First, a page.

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The Breakfast Briefing

 

The great rally of 2012 has shown signs of tiring. But don’t fret, China is coming to the rescue.

 

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Major stock indexes have run into some resistance around their 2012 highs. The S&P 500 has spent much of February struggling to break through 1350, while the blue-chip Dow Jones Industrial Average has failed in recent days to make the final leap up to 13,000.

 

The latest example of the rally petering out came yesterday. Stocks flirted with their worst point decline of the year before staging an impressive comeback in the last half-hour of trading. The Dow has risen in five of the last six trading days. But yesterday was the eighth straight session it failed to close above 12,900, let alone 13,000, underscoring the rally’s fatigue.

 

“The trend is still positive, but upside should prove limited in the near-term,” says Mark Newton, chief technical analyst at Greywolf Equity Partners. “There remain very real concerns with regards to volume, breadth, little participation, and lack of acceleration in the indices, which have broken out to new high territory.”

 

That could change, however, as China has essentially given a vote of confidence that the euro zone will be able to fix its problems. People’s Bank of China Governor Zhou Xiaochuan said he believes Europe’s issues are solvable. China will expand its investments in the area, including helping support Europe’s bailout funds.

 

Asian and European stocks rose on the news. As of 6 a.m., Dow futures are up 68 points and the blue chips look poised to take out 12900. The S&P 500 futures are up 8 points.

 

Even as the China action could propel stocks to new highs, its hard to ignore how the bullish bandwagon is getting awfully crowded. As we’ve mentioned several times, the notoriously bearish Nouriel Roubini has pulled back on his negativity, BlackRock’s Larry Fink says everyone should be 100% in stocks and Warren Buffett continues pushing stocks.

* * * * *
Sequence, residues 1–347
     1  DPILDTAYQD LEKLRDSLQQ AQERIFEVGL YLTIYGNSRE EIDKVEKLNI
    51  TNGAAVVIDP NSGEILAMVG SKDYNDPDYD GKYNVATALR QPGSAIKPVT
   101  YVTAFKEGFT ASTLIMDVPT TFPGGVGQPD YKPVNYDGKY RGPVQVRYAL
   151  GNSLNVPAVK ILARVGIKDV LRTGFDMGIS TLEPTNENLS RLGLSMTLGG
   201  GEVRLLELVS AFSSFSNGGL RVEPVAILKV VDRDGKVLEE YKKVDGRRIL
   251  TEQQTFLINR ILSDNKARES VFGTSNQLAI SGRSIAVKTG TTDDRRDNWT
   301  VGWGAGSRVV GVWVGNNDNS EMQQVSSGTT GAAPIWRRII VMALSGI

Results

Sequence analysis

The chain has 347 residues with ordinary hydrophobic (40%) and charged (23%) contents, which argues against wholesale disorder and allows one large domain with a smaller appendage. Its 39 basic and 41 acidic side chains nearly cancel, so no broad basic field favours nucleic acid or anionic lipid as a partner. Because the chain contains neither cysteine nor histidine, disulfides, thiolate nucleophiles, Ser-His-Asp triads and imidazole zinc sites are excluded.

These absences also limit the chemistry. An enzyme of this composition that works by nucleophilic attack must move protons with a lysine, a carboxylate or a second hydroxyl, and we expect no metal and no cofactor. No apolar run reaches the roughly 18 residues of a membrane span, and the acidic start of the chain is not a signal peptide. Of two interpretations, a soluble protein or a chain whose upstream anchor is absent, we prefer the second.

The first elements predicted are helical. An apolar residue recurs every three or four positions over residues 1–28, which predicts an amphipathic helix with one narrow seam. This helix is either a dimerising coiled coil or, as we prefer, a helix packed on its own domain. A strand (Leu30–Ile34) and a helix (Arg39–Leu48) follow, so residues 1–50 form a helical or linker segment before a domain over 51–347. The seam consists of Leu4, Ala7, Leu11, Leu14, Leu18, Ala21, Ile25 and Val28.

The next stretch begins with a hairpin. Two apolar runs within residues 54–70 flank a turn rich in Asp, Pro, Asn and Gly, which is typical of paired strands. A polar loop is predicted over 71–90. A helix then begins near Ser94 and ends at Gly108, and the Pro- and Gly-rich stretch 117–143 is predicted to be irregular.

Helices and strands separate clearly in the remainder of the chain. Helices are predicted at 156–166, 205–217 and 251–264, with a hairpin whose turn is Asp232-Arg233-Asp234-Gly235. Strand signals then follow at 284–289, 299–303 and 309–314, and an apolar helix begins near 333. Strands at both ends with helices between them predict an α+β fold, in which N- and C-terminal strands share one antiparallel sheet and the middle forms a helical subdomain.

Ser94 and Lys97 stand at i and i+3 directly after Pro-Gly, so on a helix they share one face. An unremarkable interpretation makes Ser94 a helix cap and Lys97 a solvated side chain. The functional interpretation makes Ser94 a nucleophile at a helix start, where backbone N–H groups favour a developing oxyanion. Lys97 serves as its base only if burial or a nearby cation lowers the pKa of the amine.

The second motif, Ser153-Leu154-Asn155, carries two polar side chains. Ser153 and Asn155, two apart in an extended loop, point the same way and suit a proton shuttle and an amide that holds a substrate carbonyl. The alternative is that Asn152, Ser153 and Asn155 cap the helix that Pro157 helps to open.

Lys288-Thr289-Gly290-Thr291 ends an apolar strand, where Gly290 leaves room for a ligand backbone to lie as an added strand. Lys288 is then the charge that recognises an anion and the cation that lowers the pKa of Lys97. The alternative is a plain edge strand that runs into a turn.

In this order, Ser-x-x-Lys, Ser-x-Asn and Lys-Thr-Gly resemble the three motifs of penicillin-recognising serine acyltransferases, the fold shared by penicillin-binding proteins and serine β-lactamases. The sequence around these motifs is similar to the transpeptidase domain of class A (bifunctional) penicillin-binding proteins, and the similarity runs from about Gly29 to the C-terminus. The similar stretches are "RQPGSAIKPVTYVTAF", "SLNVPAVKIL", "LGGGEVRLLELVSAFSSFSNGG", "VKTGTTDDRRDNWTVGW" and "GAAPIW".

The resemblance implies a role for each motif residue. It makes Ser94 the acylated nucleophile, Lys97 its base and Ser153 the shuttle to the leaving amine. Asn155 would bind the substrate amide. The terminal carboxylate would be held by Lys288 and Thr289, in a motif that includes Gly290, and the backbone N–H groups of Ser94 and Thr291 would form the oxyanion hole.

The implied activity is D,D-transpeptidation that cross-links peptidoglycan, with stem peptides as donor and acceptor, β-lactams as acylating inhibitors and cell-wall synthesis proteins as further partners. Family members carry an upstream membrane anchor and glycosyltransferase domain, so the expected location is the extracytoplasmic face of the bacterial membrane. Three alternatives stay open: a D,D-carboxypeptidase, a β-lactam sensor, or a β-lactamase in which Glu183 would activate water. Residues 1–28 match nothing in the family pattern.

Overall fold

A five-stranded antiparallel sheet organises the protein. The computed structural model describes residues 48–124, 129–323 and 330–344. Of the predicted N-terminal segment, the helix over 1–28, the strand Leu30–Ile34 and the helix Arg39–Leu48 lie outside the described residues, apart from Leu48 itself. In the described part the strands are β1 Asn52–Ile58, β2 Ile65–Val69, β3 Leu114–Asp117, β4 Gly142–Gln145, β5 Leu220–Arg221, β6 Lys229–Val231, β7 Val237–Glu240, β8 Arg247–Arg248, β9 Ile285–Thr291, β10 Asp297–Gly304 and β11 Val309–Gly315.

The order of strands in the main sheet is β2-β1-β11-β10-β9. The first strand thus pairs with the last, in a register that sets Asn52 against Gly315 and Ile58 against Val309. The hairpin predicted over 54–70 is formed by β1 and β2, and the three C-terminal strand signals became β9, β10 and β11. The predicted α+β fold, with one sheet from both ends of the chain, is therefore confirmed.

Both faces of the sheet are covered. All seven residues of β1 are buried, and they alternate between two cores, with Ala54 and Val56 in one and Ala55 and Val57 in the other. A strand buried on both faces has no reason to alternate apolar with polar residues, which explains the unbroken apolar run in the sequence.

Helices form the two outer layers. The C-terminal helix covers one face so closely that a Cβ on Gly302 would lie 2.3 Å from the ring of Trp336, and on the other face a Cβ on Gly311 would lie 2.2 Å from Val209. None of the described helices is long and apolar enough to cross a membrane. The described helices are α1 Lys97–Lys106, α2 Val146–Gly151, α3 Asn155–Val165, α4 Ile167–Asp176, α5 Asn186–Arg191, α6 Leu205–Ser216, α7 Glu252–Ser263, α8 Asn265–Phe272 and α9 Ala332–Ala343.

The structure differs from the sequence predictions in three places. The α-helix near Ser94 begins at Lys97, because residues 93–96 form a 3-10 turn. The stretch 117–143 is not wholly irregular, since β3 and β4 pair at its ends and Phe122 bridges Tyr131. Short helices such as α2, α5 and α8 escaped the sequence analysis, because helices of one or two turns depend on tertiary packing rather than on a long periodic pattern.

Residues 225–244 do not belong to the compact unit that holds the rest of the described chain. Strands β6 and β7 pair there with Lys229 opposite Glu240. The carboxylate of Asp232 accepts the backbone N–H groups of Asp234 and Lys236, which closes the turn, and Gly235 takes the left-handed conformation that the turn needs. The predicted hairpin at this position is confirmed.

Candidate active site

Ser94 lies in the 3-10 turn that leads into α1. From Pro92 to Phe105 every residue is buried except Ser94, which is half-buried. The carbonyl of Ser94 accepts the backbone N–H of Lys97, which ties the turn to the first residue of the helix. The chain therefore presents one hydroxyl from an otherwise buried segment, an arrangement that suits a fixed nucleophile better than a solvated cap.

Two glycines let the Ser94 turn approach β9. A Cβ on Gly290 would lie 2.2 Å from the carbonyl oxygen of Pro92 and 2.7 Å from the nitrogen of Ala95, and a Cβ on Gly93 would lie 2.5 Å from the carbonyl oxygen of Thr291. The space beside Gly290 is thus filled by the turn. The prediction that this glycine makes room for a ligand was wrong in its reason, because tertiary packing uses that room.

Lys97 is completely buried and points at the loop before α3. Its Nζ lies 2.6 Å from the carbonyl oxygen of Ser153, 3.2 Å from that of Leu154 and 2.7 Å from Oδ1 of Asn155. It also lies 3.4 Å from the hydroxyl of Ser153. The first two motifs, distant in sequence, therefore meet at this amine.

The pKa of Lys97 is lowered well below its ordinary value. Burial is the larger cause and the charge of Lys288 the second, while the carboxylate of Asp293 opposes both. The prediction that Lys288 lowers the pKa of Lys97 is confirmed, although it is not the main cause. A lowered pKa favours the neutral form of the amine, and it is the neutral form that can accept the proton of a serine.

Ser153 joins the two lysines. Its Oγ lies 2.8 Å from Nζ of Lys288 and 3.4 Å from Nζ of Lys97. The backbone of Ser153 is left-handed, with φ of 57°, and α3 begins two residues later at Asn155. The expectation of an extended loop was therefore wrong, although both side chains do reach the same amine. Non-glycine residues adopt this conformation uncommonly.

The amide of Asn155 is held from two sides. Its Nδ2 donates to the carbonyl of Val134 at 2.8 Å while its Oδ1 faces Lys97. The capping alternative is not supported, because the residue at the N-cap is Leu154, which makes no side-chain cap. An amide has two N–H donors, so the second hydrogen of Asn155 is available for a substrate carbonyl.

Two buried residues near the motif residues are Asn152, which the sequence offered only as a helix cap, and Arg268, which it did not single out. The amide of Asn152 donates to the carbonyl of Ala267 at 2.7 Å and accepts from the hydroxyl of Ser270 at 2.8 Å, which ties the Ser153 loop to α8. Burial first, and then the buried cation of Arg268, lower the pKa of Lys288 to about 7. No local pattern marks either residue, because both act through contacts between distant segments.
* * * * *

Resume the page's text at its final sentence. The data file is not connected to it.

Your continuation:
Apple’s stock price seemingly can’t go down, Barron’s says Dow 15000 is on the way and Professor Jeremy Siegel says Dow 17,000 could come in a few years.

 

All that bullishness has made at least one prominent investor take note and decide to pull in the reigns a bit. Dennis Gartman says the raging optimism has prompted him to take some of his chips off the table in the short-term.

 

Of course the fear is missing out on potential upside, something he alluded to in this morning’s note.

 

“Share prices are higher on the news…that the People’s Bank of China will come to Europe’s aid,” he says. “We did indeed fight hard to get our long position in equities built and insulated from random market noise, and we feared that exiting even a small portion of the position might prove problematic.

 

 

Stocks to Watch

Zynga issued its first earnings report as a public company on Tuesday, posting mixed results that included a 59% gain in sales but also a loss for the period that helped whipsaw the social-gaming company’s shares in late trading. Shares were recently off 7% at $13.35 in volatile after-hours trading.

 

Given Imaging’s fourth-quarter earnings jumped 76% as the medical-technology company saw stronger sales for its endoscopy capsule. Shares rose 13% to $20.05 after hours.

 

The U.S. Federal Reserve Board, after delaying a decision twice in a week, unanimously approved Capital One’s plan to buy ING Groep NV’s (ING, INGA.AE) U.S. online-banking business, sending a signal that banks can expand even in this new era of heightened scrutiny. Capital One shares rose 2.3% to $49.30 after hours, while ING’s American depositary shares climbed 4.2% to $8.98.

 

Overnight Headlines (Links)

Goldman Analyst Draws Scrutiny

Euro-Zone Economy Contracts

China Bolsters Rhetorical Support for Europe

BNP Paribas Profit Hit By Greece

Fake Avastin Found in U.S.